In the ISWC talk I invented a completely new terminology of a "surface" (think of a piece of paper on which the graph is conceptually 'drawn'), which I rather like, but we don't have to go that far. In fact, I would propose that we keep the terminology "RDF graph" to refer to the tokens (which is already now a common usage) but alter the specs so that the current RDF graph - the set of triples - is called something like an "RDF abstract graph". Then an RDF graph is not a set, but rather something like an RDF "resource" (In the REST sense), ie an entity which emits a representation of an RDF abstract graph when poked. This allows an RDF graph to have a state that can change, and it brings the whole business of naming a graph with a URI into line with all other kinds of Web naming and identification. This is in fact the way the world actually is, of course: the change is simply bringing the terminology into line with actual practice.

The nice thing is, if we do modify the specs (actually, the RDF conceptual model) to be more realistic in this way, by making an explicit distinction between the abstract graph and a particular graph token (think of a document), then several things get simpler and some "issues" go away.

1. An RDF graph (new sense, ie a graph token) is now something that can have an identity over time (corresponding to continuing to be identified by a cool IRI, in the usual Web-sanctioned way), so this whole way of talking now makes sense.

2.  It is quite sensible to have two RDF graphs (tokens) with different names which are the same RDF (abstract) graph. That is, two graph tokens which look like (i.e., when poked emit representations of) the same RDF abstract graph. This has always been an issue for the idea of 'named graphs': how can a name be attached to a particular RDF **abstract** graph (as opposed to some document or representation of that abstract graph)? And OK, the answer is: it can't, and this does not matter, because all we are ever needing to identify are graph tokens, not abstract graphs. You name a graph by identifying a token of it. But that only gives you power over the token, not over the abstraction itself.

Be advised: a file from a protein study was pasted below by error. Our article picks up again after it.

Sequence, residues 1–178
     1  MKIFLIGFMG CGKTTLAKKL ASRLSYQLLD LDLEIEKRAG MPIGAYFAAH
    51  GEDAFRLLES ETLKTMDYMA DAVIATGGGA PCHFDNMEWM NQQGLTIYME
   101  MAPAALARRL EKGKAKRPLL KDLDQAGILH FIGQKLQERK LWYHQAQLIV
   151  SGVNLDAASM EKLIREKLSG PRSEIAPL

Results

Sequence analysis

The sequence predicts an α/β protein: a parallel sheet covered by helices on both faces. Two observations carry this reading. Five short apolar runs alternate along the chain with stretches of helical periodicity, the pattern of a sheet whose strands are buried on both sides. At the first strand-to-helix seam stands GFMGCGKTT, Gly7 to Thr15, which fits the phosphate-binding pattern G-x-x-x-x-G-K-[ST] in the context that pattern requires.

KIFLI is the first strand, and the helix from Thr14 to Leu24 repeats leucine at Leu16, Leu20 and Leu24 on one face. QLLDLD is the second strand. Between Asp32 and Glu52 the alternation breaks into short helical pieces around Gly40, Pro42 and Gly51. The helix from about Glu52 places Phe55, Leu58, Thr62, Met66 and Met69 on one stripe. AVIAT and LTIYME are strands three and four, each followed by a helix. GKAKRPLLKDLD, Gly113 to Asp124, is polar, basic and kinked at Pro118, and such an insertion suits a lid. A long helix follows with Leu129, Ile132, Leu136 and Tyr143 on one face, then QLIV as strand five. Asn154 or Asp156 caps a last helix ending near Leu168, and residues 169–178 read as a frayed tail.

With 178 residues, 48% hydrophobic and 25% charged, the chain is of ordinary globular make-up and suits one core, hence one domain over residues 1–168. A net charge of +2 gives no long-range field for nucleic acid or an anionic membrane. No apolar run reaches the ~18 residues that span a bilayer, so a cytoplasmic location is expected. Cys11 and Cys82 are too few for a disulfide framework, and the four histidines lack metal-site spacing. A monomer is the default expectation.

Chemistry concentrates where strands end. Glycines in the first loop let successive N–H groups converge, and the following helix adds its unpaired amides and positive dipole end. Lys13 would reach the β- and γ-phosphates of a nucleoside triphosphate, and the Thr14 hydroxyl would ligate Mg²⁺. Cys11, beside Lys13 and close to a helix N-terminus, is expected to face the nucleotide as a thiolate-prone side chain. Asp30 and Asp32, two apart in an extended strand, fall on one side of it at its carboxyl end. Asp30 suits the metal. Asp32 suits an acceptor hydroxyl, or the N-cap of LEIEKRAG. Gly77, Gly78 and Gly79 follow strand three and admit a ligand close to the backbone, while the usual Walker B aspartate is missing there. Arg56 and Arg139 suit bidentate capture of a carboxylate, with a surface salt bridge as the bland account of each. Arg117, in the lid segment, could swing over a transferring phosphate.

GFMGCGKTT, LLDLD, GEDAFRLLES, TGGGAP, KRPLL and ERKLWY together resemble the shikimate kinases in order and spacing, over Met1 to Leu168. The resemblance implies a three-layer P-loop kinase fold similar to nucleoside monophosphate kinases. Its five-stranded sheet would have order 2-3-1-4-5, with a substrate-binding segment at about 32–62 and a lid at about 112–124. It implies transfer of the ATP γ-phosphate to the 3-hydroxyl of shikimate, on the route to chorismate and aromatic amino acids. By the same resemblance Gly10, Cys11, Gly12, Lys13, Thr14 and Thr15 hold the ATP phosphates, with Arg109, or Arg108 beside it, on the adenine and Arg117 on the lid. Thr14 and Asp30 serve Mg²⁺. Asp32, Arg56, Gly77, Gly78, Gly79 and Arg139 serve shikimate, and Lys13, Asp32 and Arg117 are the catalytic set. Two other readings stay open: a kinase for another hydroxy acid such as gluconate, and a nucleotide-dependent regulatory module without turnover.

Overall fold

3. There is now a very nice way to handle blank nodes: we simply stipulate, as a part of the underlying RDF conceptual model, that every blank node can occur in at most one RDF graph token. Blank nodes are unique to tokens.  Intuitively, we think of the blank nodes in any graph token as belonging to the token itself rather than to the abstract graph. This at one stroke fixes the 'scope' of blank node identifiers in any RDF surface syntax or notation (whatever is the boundary of the RDF graph token according to the rules of that syntax, that is where the existential quantifiers are that bind the bnode identifiers) and it also eliminates the need to define 'graph merging' as opposed to 'graph unioning' in the specifications. (If you don't follow this, just believe me. It makes the specs a lot easier and quite a bit shorter.)

Anyway, I offer this as an item for the WG to consider. I don't have any particular brief for the choice of terminology, but I do think it is important for us to agree on the basic conceptual distinction (between the 'abstract' idea of an RDF graph as a mathematical set, and some more concrete notion of a graph as a data object with a state that can be identified by a URL) and agree to use it ourselves. If we do, then this will impact at least the language that we use in the Graphs TF, and perhaps the way that we actually think about the issues.

I hereby volunteer to write drafts, as necessary, of the relevant changes to the RDF Concepts and RDF Semantics documents to accommodate the necessary changes, if we decide to make them. I think that, with care, no changes would be needed to the SPARQL draft documents.

Pat

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Received on Wednesday, 23 February 2011 20:13:38 UTC